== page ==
Battleships & Transports preparing to weigh anchor & move to
the outer harbour at Lemnos, 23rd April 1915.
[Courtesy of Australian War Memorial - C03414]
We are to leave today.
This is a circular letter sent out by Sir Ian Hamilton our General
21st April 1915
Soldiers of France and of the King.
Before us lies an adventure unprecedented in modern war.
Together with our comrades of the Fleet we are about to force a landing upon an open beach in face of positions which have been vaunted by our enemies as impregnable.
The landing will be made and by help of God & the Navy the positions will be stormed & the War brought one step nearer to a glorious close.
"Remember" said Lord Kitchener when bidding adieu to your commander. "Remeber once you set foot upon the Gallipoli Peninsula, you must fight the thing through to a finish."
The whole world will be watching our progress. Let us prove ourselves worthy of the great feat of arms entrusted to us.
We lifted anchored and you can understand the thrill excitement as we steamed out between the many ships anchored in the Harbour our joy was shortlived as we just got outside and down went the pick to use one our well known nautical phrases. A number of other steamers came out and anchored near us. Several of the Cruisers and Torpedo had evidently got orders to proceed right in and they passed us in all their majesty to be followed later by Transports. I went to my blankets & you can hardly call it a bunk - in deck hoping to wake up next morning off Gallipoli.
[Courtesy of State Library of New South Wales - William Sparkes diary]
Friday 23rd April
Chief Officer secured a Tug yesterday and was appointed her Skipper to assist in towing troops ashore at Gallipoli Peninsula. The Second Officer is with him also to act as relief Skipper, and a crew of firemen etc also went from this ship. The chief went off this morning at 7AM. Standing on his bridge giving orders he was as proud as a peacock and as "happy as Larry". We left our anchorage a few minutes after 4, and steamed to an anchorage in the outer harbour outside the boom.
We lined troops on deck and saluted Men O’ War as we passed down between them and the Transports. The sight this evening was really beautiful, a glassy sea, several Transports anchored and others moving into anchorages in the outer Harbour, some Transports moving out to sea towing horse boats etc, escorted by three Men O’ War, British, French and Russian, Torpedo destroyers and Submarines and no end of Transports, and then just to make the picture complete a fine large waterplane manoeuvred over us in the setting sun. As darkness fell, a large Hospital ship lying outside turned on her lights. All her ports are screwed with [indecipherable] glass, and a large Red Cross device in red lamps is emblazoned on her side. The reflection in the water is very pretty. Then to finish off the whole scene the search lights on shore lit up the entrance to the Bay where booms are stretched across. Ahead of us out to sea are Destroyers and Torpedo boats also a couple of Men O’ War acting as sentries over us. I don’t know when I have seen a finer sight. I should say there were about 150 craft of all kinds, Men O’ War and Transports.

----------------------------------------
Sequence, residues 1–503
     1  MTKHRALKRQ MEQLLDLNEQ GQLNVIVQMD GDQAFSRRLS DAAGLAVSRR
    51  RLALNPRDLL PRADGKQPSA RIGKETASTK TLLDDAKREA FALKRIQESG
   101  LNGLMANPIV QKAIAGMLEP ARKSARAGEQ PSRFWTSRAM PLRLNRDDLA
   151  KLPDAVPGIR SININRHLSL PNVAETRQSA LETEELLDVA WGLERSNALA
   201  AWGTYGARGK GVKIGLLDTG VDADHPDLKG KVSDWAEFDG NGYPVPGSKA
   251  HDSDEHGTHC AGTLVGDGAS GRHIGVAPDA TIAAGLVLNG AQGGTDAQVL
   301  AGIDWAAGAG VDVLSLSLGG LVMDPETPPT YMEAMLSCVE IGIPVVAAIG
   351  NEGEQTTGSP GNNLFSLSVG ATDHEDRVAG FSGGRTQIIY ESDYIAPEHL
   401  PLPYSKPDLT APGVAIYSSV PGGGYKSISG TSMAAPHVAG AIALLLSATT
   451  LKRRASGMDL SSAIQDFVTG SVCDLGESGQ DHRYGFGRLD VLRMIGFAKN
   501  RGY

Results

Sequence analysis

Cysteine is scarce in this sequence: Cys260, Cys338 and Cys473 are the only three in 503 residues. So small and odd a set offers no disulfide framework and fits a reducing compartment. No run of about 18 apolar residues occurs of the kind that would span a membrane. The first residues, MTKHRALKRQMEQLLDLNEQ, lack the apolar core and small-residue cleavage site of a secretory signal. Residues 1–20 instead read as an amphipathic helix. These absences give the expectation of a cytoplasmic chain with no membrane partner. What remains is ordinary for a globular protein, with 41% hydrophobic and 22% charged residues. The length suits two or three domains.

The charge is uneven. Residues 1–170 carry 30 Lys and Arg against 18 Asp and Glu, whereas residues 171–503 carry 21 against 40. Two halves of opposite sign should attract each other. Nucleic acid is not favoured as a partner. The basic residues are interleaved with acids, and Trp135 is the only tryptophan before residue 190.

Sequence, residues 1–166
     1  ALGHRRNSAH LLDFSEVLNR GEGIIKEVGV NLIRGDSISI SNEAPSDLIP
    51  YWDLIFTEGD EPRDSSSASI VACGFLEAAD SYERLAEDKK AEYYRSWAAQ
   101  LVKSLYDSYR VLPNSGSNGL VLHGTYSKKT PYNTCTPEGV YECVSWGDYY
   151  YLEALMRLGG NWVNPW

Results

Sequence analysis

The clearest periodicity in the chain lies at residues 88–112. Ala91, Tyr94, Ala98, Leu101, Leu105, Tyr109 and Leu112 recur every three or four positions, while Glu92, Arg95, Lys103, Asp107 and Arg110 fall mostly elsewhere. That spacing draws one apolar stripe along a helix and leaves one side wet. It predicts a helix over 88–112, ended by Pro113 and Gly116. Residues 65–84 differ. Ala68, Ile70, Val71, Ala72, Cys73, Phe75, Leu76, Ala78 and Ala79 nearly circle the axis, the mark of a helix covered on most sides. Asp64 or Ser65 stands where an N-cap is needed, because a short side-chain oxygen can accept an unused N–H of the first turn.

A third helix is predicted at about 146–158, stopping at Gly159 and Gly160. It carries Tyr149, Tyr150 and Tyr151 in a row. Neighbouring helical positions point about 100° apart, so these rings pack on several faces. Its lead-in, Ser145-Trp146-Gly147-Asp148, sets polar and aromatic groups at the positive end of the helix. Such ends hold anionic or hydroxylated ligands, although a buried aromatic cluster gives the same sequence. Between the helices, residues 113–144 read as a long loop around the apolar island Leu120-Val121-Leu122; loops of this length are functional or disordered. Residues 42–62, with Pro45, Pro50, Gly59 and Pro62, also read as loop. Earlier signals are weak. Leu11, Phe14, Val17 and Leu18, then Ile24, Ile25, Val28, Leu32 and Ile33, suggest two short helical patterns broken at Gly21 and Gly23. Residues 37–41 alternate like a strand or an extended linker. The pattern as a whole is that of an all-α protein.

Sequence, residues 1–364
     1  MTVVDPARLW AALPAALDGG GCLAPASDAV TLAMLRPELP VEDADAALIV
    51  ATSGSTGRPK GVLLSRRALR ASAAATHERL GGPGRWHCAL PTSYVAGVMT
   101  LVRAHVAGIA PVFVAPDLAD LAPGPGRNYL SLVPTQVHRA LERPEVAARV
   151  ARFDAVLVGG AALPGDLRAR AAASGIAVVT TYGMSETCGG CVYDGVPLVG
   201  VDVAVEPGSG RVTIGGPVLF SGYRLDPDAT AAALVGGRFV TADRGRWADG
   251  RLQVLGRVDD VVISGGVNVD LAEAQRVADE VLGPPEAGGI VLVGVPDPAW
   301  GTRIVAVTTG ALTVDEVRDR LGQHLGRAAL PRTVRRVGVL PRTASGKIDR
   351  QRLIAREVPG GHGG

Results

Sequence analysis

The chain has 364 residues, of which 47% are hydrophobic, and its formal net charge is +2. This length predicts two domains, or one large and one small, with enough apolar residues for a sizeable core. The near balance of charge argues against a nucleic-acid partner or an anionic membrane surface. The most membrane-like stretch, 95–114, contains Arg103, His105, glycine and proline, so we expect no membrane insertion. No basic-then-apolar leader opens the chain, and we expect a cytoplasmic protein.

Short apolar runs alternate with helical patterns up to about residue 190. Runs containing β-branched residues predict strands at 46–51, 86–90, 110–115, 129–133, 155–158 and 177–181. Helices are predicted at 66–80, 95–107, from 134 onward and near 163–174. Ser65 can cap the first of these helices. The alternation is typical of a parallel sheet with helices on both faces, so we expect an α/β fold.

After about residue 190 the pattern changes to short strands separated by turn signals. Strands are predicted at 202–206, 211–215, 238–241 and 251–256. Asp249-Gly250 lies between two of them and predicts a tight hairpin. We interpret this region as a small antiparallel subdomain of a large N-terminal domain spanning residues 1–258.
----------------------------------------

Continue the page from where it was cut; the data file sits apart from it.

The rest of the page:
We saw an amusing incident this afternoon. As the three above mentioned Men O’ War headed by the Flagship were proceeding line ahead, the second ship crossed over very close in front of the bows of a moving Transport.
As the ship passed us we noticed Signals flashing from the Flag Ship Search lights and I read the following message. "You should not have crossed the bows of the Transport in the narrows. It was unnecessary and unseamanlike". So someone got a wigging for the manoeuvre.
The Attack on Gallipoli Peninsula is timed for Sunday morning, and we are to remain at Anchor here tomorrow and leave about 1 AM on Saturday night arriving off the Gallipoli coast in time to commence our disembarkation about 8.30 AM. We shall spend tomorrow in overhauling all our equipment seeing that everything is secure and ready for transhipment to Horse and gunboats. Posted my last letter to Nell and Chris and a card to Alvord.